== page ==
Five major timber importing countries have made progress in cutting contraband wood from their markets since 2010, argues a series of reports published by Chatham House.
The analysis — covering Britain, France, Japan, the Netherlands, and the US — is based on point-of-origin data for timber imports. For example, countries and states with a high risk of illegal logging and timber laundering would hurt an importer’s rating.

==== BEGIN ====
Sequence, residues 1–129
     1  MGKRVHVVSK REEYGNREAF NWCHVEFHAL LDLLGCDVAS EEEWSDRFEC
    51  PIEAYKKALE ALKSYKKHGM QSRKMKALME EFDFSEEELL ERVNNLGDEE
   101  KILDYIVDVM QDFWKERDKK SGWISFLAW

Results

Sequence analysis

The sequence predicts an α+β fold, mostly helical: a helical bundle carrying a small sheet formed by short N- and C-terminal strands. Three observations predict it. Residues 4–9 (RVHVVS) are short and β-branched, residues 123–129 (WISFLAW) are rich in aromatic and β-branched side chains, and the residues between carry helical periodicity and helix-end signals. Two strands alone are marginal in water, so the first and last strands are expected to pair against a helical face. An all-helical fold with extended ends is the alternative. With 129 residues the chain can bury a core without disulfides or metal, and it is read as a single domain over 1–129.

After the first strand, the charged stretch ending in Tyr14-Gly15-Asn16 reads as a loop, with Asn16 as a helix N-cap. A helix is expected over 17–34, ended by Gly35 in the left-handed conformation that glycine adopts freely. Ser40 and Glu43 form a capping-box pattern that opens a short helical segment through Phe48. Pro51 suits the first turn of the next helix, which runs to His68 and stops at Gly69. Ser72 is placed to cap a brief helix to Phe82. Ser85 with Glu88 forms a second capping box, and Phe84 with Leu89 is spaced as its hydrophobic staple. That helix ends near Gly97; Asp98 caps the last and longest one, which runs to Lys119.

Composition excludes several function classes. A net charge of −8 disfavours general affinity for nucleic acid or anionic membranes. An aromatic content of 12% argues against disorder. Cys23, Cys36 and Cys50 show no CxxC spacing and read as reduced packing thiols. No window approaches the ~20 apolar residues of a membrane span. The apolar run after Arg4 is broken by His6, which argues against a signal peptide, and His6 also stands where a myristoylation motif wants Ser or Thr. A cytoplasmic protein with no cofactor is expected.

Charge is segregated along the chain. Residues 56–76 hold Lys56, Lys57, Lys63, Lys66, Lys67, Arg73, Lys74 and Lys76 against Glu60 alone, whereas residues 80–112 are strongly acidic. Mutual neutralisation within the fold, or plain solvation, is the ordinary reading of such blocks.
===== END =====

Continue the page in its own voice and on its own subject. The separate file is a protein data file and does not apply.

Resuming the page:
Overall, the report estimates that 4% of timber imports by volume are still at “high risk of illegality”, at an estimated value of $7bn (£4.5bn). Of the five countries assessed, Japan has the highest proportion of high-risk imports (at about 10%), mainly because of large volumes of trade with China, Russia, and Malaysia — all of which have problems with illegally sourced wood.